Chronic disease has a wide impact around the world. The World Health Organization (WHO) reported that 63% of all deaths are from chronic disease (WHO 2011).
Missed hospital appointments is a commonly reported problem in healthcare services around the world; for example, they cost the National Health Service (NHS) in the UK millions of pounds every year (HES 2010). This unnecessary cost and change in public expectations has brought into question the efficiencies of secondary care appointment scheduling systems, particularly in chronic conditions. Alternative appointment systems have been explored to an extent. For example, the Expert Patient Programme (in the UK) was specifically aimed at people with long-term conditions (DoH 2001). While alternative forms of appointment scheduling may not be appropriate for all healthcare areas, those areas managing people who have long-term or chronic conditions may see some benefits.
In 2002, the WHO published a report highlighting the need for a model of care that more readily meets the needs of people with chronic conditions (WHO 2002). The authors suggested that innovations that build on evidence-based decision-making, have a population and quality focus, and are flexible to the needs and demands of the patient population should do well in improving the management of chronic conditions.
Description of the condition
Chronic conditions, defined as "diseases of long duration and generally slow progression" (WHO 2013) include diseases such as rheumatoid arthritis, asthma, cancer and diabetes, as well as others. People are faced with an opportunity to manage their condition but not cure it. Traditionally, people with these types of conditions are managed by the clinician through regularly scheduled appointments (e.g. one to four times per year) at outpatient clinics (Kirwan 1991; Probert 1993). These appointments often occur at a time when a person is feeling relatively well with little action taken as a result. Conversely, when symptoms recur or suddenly worsen it may be difficult to obtain immediate urgent appointments if needed. Subsequently, people are often unable to get help during periods of exacerbated disease due to the number of regular follow-up appointments also needed in the system. In some cases, conditions are managed in primary care; a number of studies reported on the success of similar systems in this setting (Liu 2010; Robinson 2010; Rose 2011).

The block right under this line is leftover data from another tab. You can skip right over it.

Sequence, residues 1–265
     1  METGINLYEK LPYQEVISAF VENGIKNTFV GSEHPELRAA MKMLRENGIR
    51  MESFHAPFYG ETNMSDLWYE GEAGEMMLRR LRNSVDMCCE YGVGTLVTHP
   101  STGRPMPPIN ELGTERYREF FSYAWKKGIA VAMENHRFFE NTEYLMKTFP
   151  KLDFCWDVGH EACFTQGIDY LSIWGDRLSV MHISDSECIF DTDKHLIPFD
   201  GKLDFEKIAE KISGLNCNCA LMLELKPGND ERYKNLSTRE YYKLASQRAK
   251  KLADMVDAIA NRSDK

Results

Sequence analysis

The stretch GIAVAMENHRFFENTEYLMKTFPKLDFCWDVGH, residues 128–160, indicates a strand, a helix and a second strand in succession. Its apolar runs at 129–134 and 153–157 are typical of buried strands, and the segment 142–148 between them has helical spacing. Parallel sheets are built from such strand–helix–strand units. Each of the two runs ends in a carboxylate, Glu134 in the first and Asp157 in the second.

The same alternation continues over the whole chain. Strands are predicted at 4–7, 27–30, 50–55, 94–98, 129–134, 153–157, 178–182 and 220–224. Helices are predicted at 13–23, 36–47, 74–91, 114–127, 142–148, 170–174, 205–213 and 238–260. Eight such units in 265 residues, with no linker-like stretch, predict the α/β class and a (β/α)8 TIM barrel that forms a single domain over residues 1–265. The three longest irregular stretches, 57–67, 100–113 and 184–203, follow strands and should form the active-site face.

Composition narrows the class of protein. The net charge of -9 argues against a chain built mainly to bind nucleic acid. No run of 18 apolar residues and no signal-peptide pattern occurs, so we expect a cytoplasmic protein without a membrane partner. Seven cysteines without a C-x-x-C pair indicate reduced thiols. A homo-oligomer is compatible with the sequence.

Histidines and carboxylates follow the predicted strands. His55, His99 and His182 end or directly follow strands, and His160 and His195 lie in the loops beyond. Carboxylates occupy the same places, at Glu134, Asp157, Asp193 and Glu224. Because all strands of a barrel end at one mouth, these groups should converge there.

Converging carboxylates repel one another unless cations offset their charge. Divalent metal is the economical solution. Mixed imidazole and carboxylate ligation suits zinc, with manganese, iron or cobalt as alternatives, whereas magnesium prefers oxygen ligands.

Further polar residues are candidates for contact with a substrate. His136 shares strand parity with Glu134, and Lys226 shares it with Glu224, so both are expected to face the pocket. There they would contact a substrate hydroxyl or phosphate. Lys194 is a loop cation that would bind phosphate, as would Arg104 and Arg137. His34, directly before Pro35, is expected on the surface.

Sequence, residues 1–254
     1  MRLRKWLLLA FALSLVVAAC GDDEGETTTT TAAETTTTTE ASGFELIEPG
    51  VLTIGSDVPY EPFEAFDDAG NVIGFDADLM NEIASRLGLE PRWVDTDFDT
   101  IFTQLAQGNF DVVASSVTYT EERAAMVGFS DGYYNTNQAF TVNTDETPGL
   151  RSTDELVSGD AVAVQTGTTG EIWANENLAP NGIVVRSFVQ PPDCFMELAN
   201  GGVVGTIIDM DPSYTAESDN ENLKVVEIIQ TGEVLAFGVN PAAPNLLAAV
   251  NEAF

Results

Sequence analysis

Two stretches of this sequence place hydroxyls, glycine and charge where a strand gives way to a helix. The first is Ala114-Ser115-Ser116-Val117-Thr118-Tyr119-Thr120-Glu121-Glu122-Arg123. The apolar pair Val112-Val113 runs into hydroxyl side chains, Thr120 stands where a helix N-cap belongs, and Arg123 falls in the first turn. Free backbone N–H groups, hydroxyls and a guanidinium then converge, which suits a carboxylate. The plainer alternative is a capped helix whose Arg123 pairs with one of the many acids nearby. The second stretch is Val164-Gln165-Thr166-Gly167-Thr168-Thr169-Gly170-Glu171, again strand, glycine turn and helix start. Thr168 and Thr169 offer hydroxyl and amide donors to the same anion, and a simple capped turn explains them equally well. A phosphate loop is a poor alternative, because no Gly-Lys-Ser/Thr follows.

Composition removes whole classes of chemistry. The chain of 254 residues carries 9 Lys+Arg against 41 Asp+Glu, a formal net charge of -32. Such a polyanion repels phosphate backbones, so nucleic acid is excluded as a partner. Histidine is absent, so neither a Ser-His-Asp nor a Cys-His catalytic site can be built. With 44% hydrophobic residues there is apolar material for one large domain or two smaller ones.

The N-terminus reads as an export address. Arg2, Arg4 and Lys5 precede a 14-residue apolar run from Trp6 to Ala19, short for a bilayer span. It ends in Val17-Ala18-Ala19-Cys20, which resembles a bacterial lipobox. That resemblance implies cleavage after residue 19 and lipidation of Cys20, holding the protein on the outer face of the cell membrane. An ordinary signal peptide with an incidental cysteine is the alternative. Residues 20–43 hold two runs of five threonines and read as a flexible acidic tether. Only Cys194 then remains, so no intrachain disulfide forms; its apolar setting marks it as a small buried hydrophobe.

Description of the intervention
A patient-initiated appointment system enables patients to make urgent appointments when they are going through a time when they feel they cannot manage their condition or where something has unexpectedly changed. The system does not completely replace the need for a scheduled follow-up appointment but the new system could decrease the number of follow-up appointments (e.g. every one to two years).
How the intervention might work
The patient-initiated appointment system could free up clinician time, therefore making the service more flexible for urgent appointments, while still being able to deliver a standard of care acceptable to patients. Using this type of service may also mean that the numbers of missed appointments are reduced (and therefore financial and resource costs too) as most patients will be attending because they need to or choose to, or both, and not just because the appointment is a requirement. There is a potential risk in situations where the patient fails to request an appointment at the time of relapse or escalation of their condition, and symptoms become worse, possibly critical. This risk is more likely when the appointment systems do not include a 'safety net' appointment system (an appointment which is scheduled by the clinician for a certain point in time to ensure the patient is using the system correctly) or when clinicians are unable to select appropriate patients for the patient-initiated appointment system pathway. In addition, there are elements of preventive health care or patient education that occur during a routine appointment that are not addressed during a patient-initiated appointment. This risk can be minimised by incorporating an appropriate checklist into a 'safety net' appointment. There have been several studies that have explored the effectiveness of patient-initiated appointment systems in primary care (Liu 2010; Robinson 2010; Rose 2011). The results of some of these studies suggest that patient initiation of care results in improvements in satisfaction with a reduced cost for care delivery.
Why it is important to do this review
There are a number of Cochrane reviews that have considered alternative methods to improve attendance to appointments (Car 2012; Reda 2012); however, none of these reviews has looked at the impact of patient-initiated appointment systems in secondary care. With the increasing focus on healthcare efficiencies and the increasing emphasis on enabling people to manage their own conditions (Nuffield 2011; WHO 2002), determining the benefits and harms of patient-initiated appointment systems in secondary care is crucial to understanding their worth for both healthcare systems and patients.